Anonymous said...

k: what's your take on the Aveo?

Anonymous said...

I have been running from pillar to post to graze a reasonable and readable post. I tried and failed. I was bored and suddenly your green post has all the greenery that I had been looking for.

This post shows that blogging is not only expressing but pleading people through expression to read and understand and keep the souls green and fresh. So when there comes a time to do something we just don't sit and blog but go out in the sun and graze.

Anonymous said...


This is an observation about your blog....request you to take it in the right sense....
Although your content is interesting, your presentation leaves much to be desired.
Can you work a little bit on the formatting / composing part so that the posts are easy on the eye.
This will help improve the reader satisfaction.
Otherwise people might stay away inspite of the good content that u churn out.
Thanks for your understanding.

Anonymous said...


Why do I see a with-us-or-against-us kind of attitude in your comments. K's post itself was quite appropriate because he is just narrating it. And if your comment was directed at those in their ivory towers it was still OK.

But why this libertarian-bashing where there is no need? If these are some friends of yours who just care about the stock market and ejaculate every time it crosses another 1000 points while being completely unaware as well as indifferent about the lives and problems of these 70% then fine, no issues. Read no further.

But if you made that comment directed at a lot of Indian bloggers such as myself who call themselves libertarian then I would like you to point out that craziness or selfishness.

To accuse libertarians of selfishness or indifference is just churlish. One major reason for the poor remaining poor as well as being stuck in this self-perpetuating cycle of over-dependence on argiculture is the lack of education, more so primary education. The malaise which has spread in the primary education system is due to a complete lack of accountability and due to parents having no say in the system at all.

Now several libertarian bloggers such as myself often talk of the Education Choice Campaign and the school voucher scheme which would empower poor parents and could revolutionise the primary education system, at the same time ensuring that taxpayer's money is spent more efficiently. Tell me, in what way is the campaign "selfish"? People who blog already have the resources to educate their own kids in plush air conditioned schools. Why the heck would we care about the school voucher scheme if we were selfish?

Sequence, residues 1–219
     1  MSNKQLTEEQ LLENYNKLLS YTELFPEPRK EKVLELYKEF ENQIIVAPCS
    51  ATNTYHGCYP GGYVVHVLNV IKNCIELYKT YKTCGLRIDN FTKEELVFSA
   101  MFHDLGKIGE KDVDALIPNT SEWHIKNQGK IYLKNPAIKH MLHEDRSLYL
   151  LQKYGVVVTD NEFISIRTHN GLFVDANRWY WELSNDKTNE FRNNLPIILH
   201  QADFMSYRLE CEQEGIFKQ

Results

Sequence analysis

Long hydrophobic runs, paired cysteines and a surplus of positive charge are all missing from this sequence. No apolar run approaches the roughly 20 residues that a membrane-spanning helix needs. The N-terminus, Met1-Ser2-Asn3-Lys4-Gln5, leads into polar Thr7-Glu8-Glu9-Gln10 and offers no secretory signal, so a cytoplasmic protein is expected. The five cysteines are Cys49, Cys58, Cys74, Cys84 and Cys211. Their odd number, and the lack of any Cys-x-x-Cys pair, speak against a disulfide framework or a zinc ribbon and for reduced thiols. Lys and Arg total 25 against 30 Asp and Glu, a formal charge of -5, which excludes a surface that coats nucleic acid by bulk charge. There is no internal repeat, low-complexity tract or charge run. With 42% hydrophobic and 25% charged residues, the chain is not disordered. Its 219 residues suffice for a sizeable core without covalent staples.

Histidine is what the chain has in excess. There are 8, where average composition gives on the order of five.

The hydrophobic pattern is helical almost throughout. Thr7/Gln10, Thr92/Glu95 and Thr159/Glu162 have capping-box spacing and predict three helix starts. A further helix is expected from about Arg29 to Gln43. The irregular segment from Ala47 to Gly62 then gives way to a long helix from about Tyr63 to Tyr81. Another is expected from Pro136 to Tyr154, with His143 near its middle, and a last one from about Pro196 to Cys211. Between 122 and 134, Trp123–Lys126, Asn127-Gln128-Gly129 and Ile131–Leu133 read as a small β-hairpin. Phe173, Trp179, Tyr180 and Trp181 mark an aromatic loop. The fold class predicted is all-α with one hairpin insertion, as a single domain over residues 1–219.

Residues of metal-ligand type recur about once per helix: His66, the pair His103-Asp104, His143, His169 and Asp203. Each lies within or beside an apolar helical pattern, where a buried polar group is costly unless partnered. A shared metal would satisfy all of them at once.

Yet each and every attempt of mine, and of other "libertarian" bloggers to introduce the education choice campaign as a topic of discussion on a broader level is just ignored. Yes, the other india is suffering. We know. For me it is amusing as well as exasperating to note that just because some other upper middle class person was ignorant or indifferent of the harsh realities, disparities and the hardships faced by the poor in India before he had his epiphany, he assumes that I too am as ignorant and indifferent as he was. And so I need to be shaken out of my i&i.

What if I am already aware and am trying to think of realistic and practical ways to reduce this misery?
What if I have examined the issues a bit further and noticed that the poverty is being perpetuated mainly by the vast leakages in the system.
What if I realise from by back-of-envelope calculations that though just 2% of this country pays income tax, the remaining 98% also pay a shitload of money to the government through indirect taxes?
So increase in government outlays into leaky schemes doesn't just mean that money is being stolen from Gaurav or Codey or K or Thalassa....all of us who can afford to have our money put into the pockets of the corrupt. But money is also being stolen from those very farmers in Vidarbha.

K and I can afford to say to ourselves....yes 90% of my tax money is stolen by the corrupt as Rajiv Gandhi said, but at least 10% is helping the poor. What should the poor think? Yes, 90% of my money is being stolen, but at least 10% is helping me?????

Libertarian bloggers in India want to take the next step, that of naming the culprit, i.e a kleptocratic state setup, and building a consensus on ushering in events which will put in place measures for better accountability.

I have also been encouraging people to read a fine book called "Law, Liberty & Livelihood" co-authored by a blogger Naveen Mandva which talks, not about yuppies like us, but common street entrepreneurs, panwallahs, rickshawwallahs, water-sellers, wadapavwallahs.... folks who show the grit, the gumption and the determination to take control of their own lives and make a living. The book talks about how at every stage of their life, and every few days, the state loots from them.

But has a single supposedly non-libertarian blogger read the book, and tried to understand the problems those people face? And why they face the problem?